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What does it take?

Writer unlocks mystery of best-sellers

By Kurt Rabin

The Free Lance-Star

IT TOOK  AN Edgar-Award-winning mystery writer to finally unlock the secret of turning a book, any book, into a best-seller.

Even publishers have never understood exactly why a particular book rockets to the top of the charts,  including the 12—from “Gone With the Wind” to “The Godfather” to “The Da Vinci Code”—that James Hall selects for his insightful “Hit Lit: Cracking the Code of the 20th Century’s Biggest Bestsellers.”

About the only thing that  guarantees an author a best-seller is having the surname “Grisham.” Short of that, a blurb from Stephen King can work wonders, as can  giving the words “Chicken” and “Soup”  prominent placement on a  book’s cover.

But nothing works so well as “generating controversy,” one of the 12 features that  Hall’s best-sellers  all have in common, along with things like “colossal characters doing magnificent things on a sweeping stage” and having a hero who is a rebel, loner or maverick.

Of course, Hall  is quick to credit the book-selling acumen and influence of former TV host Oprah Winfrey, whose book club was able to turn dusty backlist titles from such dinosaurs as  Dickens, Faulkner and Garcia–Marquez  into  born-again best-sellers.

Or, best-case scenario, have Oprah trash you, as she did  James Frey and his  “memoir” of drug abuse, “A Million Little Pieces.”

Ah, Oprah and controversy, there’s the  magic elixir!

Kurt Rabin is a copy editor  for The Free Lance–Star.

IT TOOK  AN Edgar-Award-winning mystery writer to finally unlock the secret of turning a book, any book, into a best-seller.

Even publishers have never understood exactly why a particular book rockets to the top of the charts,  including the 12—from “Gone With the Wind” to “The Godfather” to “The Da Vinci Code”—that James Hall selects for his insightful “Hit Lit: Cracking the Code of the 20th Century’s Biggest Bestsellers.”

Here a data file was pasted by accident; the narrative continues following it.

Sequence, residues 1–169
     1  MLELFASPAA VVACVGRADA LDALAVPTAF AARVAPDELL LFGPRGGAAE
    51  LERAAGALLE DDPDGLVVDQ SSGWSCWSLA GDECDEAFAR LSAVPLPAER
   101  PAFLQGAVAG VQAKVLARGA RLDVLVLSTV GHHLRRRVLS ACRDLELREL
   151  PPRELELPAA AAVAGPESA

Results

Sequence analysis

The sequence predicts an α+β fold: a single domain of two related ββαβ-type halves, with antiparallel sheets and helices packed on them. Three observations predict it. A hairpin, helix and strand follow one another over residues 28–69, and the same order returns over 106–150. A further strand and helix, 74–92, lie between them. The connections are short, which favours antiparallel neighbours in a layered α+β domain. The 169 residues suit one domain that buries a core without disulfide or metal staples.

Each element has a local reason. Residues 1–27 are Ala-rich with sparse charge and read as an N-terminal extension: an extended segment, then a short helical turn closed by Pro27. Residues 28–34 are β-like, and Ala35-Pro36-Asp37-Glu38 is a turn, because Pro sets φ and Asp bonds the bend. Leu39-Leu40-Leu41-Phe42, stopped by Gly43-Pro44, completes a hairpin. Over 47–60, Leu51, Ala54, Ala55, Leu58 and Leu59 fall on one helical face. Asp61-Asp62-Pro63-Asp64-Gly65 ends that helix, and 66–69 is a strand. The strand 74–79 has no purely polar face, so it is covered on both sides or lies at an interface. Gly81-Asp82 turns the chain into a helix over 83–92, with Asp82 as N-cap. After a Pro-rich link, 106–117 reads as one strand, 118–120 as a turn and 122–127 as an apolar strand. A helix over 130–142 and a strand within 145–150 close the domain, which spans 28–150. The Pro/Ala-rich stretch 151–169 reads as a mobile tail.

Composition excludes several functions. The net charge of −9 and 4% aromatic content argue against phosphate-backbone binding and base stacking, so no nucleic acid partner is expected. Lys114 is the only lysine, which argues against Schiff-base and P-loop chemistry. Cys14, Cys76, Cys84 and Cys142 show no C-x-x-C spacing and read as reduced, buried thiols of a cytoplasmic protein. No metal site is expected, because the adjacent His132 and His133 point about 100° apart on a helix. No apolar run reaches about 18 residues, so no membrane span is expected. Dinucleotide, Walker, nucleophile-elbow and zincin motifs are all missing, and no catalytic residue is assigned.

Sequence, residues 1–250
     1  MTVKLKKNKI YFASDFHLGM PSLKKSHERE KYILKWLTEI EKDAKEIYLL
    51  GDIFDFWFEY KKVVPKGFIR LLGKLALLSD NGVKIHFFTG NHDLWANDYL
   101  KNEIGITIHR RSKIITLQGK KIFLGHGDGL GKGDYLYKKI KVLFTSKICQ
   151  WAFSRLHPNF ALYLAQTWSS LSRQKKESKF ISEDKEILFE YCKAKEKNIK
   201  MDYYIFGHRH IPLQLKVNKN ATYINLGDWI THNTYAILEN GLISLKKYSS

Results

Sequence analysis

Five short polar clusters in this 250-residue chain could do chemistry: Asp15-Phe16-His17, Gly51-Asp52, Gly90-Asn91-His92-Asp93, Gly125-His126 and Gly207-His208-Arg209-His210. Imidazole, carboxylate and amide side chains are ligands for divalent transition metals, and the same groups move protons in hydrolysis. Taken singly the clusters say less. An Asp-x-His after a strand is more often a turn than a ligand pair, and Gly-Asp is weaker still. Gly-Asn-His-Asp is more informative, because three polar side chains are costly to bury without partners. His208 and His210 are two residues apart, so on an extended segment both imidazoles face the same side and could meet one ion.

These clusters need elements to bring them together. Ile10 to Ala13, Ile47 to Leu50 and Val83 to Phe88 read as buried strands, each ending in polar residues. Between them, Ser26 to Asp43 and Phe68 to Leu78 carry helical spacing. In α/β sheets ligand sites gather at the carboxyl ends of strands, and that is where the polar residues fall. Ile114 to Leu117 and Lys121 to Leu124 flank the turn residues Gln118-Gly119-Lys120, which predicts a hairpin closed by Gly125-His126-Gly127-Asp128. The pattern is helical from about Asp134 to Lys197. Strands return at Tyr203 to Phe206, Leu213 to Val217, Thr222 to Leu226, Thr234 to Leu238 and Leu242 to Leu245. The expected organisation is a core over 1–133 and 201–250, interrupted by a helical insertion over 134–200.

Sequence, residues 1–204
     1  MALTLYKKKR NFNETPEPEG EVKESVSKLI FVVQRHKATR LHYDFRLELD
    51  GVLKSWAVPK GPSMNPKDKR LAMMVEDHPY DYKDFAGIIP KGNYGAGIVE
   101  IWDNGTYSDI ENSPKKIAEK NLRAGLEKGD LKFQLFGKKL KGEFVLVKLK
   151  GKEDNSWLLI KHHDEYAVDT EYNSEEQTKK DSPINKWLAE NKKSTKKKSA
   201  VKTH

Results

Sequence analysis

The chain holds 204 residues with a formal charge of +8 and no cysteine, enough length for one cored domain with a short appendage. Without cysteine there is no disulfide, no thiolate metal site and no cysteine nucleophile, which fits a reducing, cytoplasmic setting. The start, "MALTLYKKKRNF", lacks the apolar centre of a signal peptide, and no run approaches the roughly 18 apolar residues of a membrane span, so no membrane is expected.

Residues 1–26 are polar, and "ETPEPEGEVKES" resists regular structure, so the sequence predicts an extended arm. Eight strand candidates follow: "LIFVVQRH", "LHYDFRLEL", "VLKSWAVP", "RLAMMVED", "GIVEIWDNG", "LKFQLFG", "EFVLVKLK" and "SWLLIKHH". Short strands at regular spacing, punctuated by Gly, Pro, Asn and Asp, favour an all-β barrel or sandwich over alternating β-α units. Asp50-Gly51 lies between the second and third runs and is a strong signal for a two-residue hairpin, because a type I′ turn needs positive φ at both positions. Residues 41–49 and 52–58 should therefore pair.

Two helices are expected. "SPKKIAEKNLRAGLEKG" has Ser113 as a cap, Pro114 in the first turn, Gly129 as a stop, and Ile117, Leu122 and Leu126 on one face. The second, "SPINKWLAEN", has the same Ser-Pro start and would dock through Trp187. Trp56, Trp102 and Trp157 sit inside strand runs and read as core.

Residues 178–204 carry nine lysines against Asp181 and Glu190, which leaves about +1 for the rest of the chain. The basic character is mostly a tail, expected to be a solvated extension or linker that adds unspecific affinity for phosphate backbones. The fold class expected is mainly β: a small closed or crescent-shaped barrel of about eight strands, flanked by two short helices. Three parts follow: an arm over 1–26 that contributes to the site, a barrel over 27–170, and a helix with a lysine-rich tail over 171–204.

About the only thing that  guarantees an author a best-seller is having the surname “Grisham.” Short of that, a blurb from Stephen King can work wonders, as can  giving the words “Chicken” and “Soup”  prominent placement on a  book’s cover.

But nothing works so well as “generating controversy,” one of the 12 features that  Hall’s best-sellers  all have in common, along with things like “colossal characters doing magnificent things on a sweeping stage” and having a hero who is a rebel, loner or maverick.

Of course, Hall  is quick to credit the book-selling acumen and influence of former TV host Oprah Winfrey, whose book club was able to turn dusty backlist titles from such dinosaurs as  Dickens, Faulkner and Garcia–Marquez  into  born-again best-sellers.

Or, best-case scenario, have Oprah trash you, as she did  James Frey and his  “memoir” of drug abuse, “A Million Little Pieces.”

Ah, Oprah and controversy, there’s the  magic elixir!

Kurt Rabin is a copy editor  for The Free Lance–Star.

HIT LIT: CRACKING THE CODE OF THE 20TH CENTURY’S BIGGEST BESTSELLERS

by James W. Hall

(Random House, $16,  336 pp.)

Permalink: http://news.fredericksburg.com/books/2012/09/17/what-does-it-take/

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